Dintzer – who stuttered at times, especially when the judge interrupted him with his questions – hasn’t put an exact date on when Google reached its dominant position, but has assured the court that it has been maintaining this monopoly with illegal practices since 2010. Having a monopoly is legal… what’s against the law is abusing it. The accusation focuses, above all, on the agreements with mobile and browser manufacturers – such as Apple, Samsung or Mozilla – which ensured that Google became the default search engine. This is something that the prosecution claims that Google has used as “a weapon.”

“Google pays more than $10 billion a year for these privileged positions,” Dintzer explained. “Google’s contracts ensure that rivals can’t match ad monetization search quality, especially on phones.” He showed internal Google messages on the screens, which revealed how the company put pressure on its partners. For instance, one exchange showed how Google executives demanded that Apple not divert searches to Siri, or that Samsung not offer users its own suggestions. “Your Honor, this is a monopoly in action.”

The prosecutor has also accused the company of hiding and deleting internal documents and messages that could be used as evidence against it. “They turned history off, your honor, so they could rewrite it in this court,” Dintzer affirmed.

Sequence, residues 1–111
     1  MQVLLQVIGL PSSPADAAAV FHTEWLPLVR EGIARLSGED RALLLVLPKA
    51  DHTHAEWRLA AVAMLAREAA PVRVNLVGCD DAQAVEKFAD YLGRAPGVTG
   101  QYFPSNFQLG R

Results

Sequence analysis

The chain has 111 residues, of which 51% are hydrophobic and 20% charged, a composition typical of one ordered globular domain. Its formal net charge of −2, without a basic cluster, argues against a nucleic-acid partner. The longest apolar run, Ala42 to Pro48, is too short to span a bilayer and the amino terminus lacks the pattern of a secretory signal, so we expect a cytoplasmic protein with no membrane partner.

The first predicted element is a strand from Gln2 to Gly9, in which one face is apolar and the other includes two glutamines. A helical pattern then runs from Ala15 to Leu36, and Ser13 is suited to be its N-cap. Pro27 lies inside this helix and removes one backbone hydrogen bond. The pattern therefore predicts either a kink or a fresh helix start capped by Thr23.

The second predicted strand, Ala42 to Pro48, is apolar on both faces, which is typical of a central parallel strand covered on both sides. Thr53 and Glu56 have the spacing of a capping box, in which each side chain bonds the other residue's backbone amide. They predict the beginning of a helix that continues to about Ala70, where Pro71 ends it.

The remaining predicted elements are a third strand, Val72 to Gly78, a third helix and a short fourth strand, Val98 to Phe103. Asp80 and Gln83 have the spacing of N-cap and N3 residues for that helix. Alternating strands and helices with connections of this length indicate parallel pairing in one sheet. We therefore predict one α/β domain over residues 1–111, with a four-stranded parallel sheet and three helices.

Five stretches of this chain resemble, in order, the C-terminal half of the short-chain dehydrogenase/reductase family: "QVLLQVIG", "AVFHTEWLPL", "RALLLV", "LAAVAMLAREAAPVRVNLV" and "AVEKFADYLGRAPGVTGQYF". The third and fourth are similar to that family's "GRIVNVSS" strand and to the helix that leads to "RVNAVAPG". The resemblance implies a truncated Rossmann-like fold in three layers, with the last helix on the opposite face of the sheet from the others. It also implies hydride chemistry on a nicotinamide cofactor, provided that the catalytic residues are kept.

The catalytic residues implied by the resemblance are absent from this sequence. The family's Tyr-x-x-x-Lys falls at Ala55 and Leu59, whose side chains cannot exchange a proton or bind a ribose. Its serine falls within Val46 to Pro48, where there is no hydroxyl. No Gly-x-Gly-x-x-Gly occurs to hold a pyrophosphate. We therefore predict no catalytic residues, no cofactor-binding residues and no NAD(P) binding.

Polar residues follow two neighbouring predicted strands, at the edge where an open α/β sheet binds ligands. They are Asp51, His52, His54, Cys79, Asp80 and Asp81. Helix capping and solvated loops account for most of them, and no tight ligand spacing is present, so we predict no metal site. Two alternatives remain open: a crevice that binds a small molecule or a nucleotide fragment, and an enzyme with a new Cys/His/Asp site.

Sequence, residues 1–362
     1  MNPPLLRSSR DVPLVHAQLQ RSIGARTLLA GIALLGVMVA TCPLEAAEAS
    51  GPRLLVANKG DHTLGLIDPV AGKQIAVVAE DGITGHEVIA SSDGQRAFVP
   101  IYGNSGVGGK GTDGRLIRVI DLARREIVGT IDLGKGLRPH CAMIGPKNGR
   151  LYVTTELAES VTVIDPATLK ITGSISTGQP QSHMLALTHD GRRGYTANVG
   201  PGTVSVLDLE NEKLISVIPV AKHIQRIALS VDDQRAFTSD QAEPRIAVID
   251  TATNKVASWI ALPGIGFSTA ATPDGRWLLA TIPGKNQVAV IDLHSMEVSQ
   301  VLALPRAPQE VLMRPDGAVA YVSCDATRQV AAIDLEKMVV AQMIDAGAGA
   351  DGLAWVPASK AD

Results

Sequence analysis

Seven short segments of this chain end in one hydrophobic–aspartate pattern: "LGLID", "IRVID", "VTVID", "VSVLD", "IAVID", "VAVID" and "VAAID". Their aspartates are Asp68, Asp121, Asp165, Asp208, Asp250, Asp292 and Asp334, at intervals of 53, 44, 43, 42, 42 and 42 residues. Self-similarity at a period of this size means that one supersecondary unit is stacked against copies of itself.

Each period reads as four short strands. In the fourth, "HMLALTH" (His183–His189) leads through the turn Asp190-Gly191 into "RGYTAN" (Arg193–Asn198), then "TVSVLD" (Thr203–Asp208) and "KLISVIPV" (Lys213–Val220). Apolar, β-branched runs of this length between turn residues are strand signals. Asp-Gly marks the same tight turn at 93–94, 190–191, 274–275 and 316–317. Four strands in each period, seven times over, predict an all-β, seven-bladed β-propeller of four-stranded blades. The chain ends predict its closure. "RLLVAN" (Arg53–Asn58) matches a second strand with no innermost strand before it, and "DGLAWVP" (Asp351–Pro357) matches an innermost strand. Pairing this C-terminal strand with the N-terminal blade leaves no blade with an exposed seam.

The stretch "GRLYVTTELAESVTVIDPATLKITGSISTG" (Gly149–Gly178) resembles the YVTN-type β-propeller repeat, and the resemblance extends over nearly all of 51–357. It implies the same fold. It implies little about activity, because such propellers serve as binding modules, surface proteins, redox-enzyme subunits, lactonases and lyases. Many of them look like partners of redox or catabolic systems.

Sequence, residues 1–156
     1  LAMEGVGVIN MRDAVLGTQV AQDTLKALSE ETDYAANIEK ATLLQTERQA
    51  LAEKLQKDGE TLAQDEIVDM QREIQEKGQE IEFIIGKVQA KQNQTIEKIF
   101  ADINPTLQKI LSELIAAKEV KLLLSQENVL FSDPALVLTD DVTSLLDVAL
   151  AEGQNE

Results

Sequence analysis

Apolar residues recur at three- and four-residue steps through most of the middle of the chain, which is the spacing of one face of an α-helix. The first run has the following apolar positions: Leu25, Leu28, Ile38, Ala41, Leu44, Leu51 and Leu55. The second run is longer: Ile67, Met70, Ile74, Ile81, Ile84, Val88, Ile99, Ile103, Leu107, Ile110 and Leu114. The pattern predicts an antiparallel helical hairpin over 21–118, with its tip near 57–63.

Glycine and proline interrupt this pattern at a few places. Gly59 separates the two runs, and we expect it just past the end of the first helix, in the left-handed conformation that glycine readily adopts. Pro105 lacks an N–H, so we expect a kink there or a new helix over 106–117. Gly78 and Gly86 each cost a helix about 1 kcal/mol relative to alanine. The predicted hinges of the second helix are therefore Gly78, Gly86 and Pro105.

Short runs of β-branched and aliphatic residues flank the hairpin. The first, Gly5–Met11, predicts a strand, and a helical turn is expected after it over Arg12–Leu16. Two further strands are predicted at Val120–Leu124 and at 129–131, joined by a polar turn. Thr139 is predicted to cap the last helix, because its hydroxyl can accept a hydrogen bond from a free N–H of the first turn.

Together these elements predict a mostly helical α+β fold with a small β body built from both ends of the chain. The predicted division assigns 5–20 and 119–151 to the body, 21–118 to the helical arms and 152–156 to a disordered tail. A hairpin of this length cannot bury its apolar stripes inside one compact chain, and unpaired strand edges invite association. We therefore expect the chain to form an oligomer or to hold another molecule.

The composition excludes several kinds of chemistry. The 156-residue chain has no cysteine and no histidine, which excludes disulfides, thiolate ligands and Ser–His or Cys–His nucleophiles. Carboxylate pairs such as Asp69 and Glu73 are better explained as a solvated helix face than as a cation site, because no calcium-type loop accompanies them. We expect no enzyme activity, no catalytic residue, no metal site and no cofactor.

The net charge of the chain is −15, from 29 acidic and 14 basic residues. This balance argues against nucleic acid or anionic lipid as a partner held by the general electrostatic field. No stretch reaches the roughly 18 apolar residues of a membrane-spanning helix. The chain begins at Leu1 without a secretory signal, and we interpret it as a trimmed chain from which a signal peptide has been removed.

The reply was made by John Schmidtlein – a 57-year-old partner at the law firm Williams & Connolly – who is defending Google. The lawyer assured the court that users now have more search options and more ways to access information on the internet than ever before. In general searches, Google’s share is 89% in the United States, according to the Department of Justice.

The company – which has now been integrated into Alphabet Inc. – opines that the market to take into account should be broader and include product searches on Amazon, or those carried out on social media applications, such as Instagram or TikTok, in addition to artificial intelligence. Travel firms – TripAdvisor, Expedia, Booking.com or Hotels.com – or food delivery firms – such as Doordash, UberEats and Yelp – are also Google’s rivals, according to the defense.

Schhmidtein insisted that, if the other competitors haven’t achieved as much success, it’s not because Google has abused its position. Rather, it’s simply because Google’s search engine is better. He also stressed that it’s easy to change the default search engine on browsers… although the prosecutor pointed out that users don’t usually do so. The judge then asked the lawyer how many people do it, but he got out of the question by saying that there’s no data available. To try to demonstrate his client’s good faith, he has indicated that there are tutorials on YouTube (which is owned by Google) that teach users how to switch to another default search engine.